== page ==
Fasig-Tipton Sale: When Less Is More

Fasig-Tipton Sale: When Less Is More
Photo: Anne M. Eberhardt
Dehere colt brought the top price of $625,000 at the Fasig-Tipton Kentucky July selected yearling sale.
Published in the July 28 issue of The Blood-Horse
Uncertainty tinged with optimism permeated the Fasig-Tipton sale pavilion when the company's Kentucky select yearling sale began July 18.

Going into the sale, yearling consignors and sale company executives had plenty to worry about with a volatile stock market and slowing economy. By the start of the sale, however, the outlook had brightened considerably. The pavilion was abuzz and the walking ring jammed with people, including many high-end buyers never seen before here in July. Contributing to the buzz was cross-town rival Keeneland celebrating a record average price of $710,247 from its select yearling sale held the previous two days. The average price roared past last year's record by 14.4%, and hopes were high the momentum would carry over to Fasig-Tipton's Newtown Paddocks.

It didn't take long for uncertainty to creep back. Buyers began cautiously. During the first hour, a couple horses fetched six-figure prices but about half were bought back at bids averaging around $41,000. Two more hours of spotty selling passed before the sale's momentum shifted noticeably.

A bay colt by Wild Rush out of the Woodman mare Mary Sloan was the catalyst for the change. When the hammer fell, an unassuming Irish bloodstock agent named Paul Collins had bought the colt for $500,000--$25,000 shy of last year's top price--with a day and a half of good horses still waiting to sell. It was two o'clock in the afternoon and the Wild Rush colt was the 13th horse to sell for more than $100,000. By the end of selling opening day, a total of 40 reached this plateau.

The momentum carried through the second (and final) day, and by the end Fasig-Tipton was celebrating its own successes. The sale's average price was $97,671, a 26% increase from last year's average of $77,817 and the highest average price since 1984.

"Our team put strapping, good-looking horses in the sale, and the crowd stayed to the end," said Walt Robertson, Fasig-Tipton's president.

Robertson is not guilty of hyperbole. Top buyers, such as John Ferguson, who buys for Sheikh Mohammed al Maktoum's Godolphin Stable, and The Thoroughbred Corp.'s Prince Ahmed bin Salman, stayed and shopped until the last of 237 horses was sold. They stayed because Fasig-Tipton succeeded in its mission of offering fewer horses than last year but increasing the overall quality, according to buyers and consignors.

"I thought it was great sale," said Meg Levy, co-owner of Bluewater Sales with Kitty Roden. Bluewater was the fifth-leading consignor with gross sales of $1.41 million. "For the average to rise that much with 100 fewer horses was phenomenal."

Compared with last year, 29.5% fewer horses sold but gross receipts declined only 11.5%, to $23,148,000.

"By this time last year, our team decided the strategy would be to increase the sales average," said Fasig-Tipton chairman D.G. Van Clief. "We understood that meant a decrease in the gross this year, but we wanted to establish our niche in the market."

If this sale is indicative of the future, then Fasig-Tipton can consider itself well established as the source for yearlings whose conformation and athleticism make up for any shortcomings in pedigree.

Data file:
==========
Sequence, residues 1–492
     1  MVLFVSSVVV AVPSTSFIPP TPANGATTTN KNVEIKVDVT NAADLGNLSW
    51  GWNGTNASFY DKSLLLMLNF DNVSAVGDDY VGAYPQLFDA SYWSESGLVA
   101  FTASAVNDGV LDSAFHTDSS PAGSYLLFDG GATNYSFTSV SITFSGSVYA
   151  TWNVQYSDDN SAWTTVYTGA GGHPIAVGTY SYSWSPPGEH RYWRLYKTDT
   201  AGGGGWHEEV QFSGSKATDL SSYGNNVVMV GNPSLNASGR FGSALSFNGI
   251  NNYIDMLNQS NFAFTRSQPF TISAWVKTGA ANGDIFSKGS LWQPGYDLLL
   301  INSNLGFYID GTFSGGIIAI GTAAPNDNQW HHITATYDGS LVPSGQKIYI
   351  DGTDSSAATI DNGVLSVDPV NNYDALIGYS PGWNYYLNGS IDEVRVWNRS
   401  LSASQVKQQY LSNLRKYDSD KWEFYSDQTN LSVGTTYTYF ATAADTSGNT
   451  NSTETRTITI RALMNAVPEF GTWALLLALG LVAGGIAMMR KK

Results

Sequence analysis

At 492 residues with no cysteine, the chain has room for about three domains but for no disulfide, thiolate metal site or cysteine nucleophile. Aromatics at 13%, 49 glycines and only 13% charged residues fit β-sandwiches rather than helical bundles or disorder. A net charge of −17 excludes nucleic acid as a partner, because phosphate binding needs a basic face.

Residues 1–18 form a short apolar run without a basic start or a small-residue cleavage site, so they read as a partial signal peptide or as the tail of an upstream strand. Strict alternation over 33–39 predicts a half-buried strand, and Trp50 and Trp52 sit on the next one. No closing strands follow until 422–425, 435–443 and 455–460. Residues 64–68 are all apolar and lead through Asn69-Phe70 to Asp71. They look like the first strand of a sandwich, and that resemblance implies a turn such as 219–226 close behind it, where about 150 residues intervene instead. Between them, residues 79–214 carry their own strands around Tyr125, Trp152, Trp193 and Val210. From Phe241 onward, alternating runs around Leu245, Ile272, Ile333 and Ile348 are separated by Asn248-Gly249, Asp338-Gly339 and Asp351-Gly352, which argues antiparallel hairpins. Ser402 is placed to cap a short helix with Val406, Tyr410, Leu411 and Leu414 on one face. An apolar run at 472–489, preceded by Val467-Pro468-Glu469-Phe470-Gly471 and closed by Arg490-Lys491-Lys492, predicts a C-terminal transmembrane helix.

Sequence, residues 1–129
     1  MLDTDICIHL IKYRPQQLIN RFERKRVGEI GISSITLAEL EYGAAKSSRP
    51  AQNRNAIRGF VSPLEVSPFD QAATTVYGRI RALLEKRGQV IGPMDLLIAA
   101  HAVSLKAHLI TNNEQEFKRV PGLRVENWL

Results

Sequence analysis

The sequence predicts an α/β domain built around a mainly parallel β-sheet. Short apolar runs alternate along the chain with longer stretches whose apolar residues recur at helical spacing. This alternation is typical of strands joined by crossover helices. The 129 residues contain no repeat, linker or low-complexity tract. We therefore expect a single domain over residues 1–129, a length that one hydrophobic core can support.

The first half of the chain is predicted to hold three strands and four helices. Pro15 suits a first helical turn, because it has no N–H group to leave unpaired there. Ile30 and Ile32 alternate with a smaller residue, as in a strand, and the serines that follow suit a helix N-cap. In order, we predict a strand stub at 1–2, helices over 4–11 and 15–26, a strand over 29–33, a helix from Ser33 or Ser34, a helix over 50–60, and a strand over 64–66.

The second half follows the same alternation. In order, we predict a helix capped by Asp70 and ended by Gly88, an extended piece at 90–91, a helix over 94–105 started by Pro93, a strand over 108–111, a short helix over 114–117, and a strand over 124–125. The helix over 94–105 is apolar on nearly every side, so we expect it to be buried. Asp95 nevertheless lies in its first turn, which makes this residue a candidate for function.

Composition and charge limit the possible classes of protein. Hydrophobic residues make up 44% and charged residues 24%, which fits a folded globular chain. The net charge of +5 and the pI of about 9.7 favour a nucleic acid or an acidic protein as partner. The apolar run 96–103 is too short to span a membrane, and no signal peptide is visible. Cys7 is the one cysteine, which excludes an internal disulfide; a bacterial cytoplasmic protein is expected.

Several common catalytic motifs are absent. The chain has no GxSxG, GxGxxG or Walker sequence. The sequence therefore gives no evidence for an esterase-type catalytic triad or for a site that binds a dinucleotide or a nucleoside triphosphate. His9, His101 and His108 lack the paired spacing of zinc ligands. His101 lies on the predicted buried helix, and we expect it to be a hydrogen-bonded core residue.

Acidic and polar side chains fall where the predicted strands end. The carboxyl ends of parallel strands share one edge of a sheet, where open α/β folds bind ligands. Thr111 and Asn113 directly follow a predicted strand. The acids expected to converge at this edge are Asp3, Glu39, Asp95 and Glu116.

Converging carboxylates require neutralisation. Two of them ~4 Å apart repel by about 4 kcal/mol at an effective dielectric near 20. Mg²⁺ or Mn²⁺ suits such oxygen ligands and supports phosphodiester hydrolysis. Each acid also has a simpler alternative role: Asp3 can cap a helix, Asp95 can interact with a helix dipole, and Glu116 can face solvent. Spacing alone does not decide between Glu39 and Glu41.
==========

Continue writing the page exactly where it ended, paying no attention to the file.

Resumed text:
"It was the best group of horses that I have seen at this Fasig-Tipton sale in the past five years," said Mike Mulligan, a pinhooker and owner of Leprechaun Farm near Ocala, Fla. "Our short list might have had 80 horses on it."

Here are some other statistics illustrating how much the sale had improved:

  • The median price increased 27% to $70,000, up from $55,000 last year. The median did not change between 1999 and 2000.
  • Buyers paid $200,000 or more for 28 horses compared to 23 a year ago. Eighty-five horses sold for $100,000 or more compared to 82 last year.
  • In 2000, only two colts sold for more than $400,000--the sale-topping colt that sold for $525,000 and the second-highest-priced colt that sold for $475,000. This year, six colts sold for $400,000 or more. The sale topper brought $625,000, which was the most paid for a colt since 1982, when Rainbow Quest brought $950,000.
  • The highest price for a filly slipped to $325,000 compared with last year, when two fillies sold for $400,000. The number of fillies selling for $200,000 or more, however, increased to 11 compared to eight last year.

The sale wasn't without a weak spot. Despite the strong increases in average and median prices, the buy-back rate was high. Consignors took home 38% of their horses compared with 35% last year.

Sale officials described any buy-back rate in the 30s as "tolerable," but added they would prefer a rate in the low 30s.

"The horses change over time, and sometimes the consignors just miss," Robertson said. "Also at this level, the market becomes more selective. It is just something we can't deal with."

Van Clief attributed higher buy-back rates at most Thoroughbred auctions to increased veterinary scrutiny. If a horse doesn't pass all the tests with flying colors, its value drops considerably and owners are more likely to take their chances at a 2-year-olds in training sale or at the racetrack.

"The vets are getting pickier and pickier," said Bluewater Sales' Levy. "We go into sales with things that don't seem to be a problem and it gets blown out of proportion."

"We've had vets OK a horse for racing, but not OK him for pinhooking, which I don't really understand," said Levy's partner, Roden. "Isn't the end result the same?"

Continued . . .

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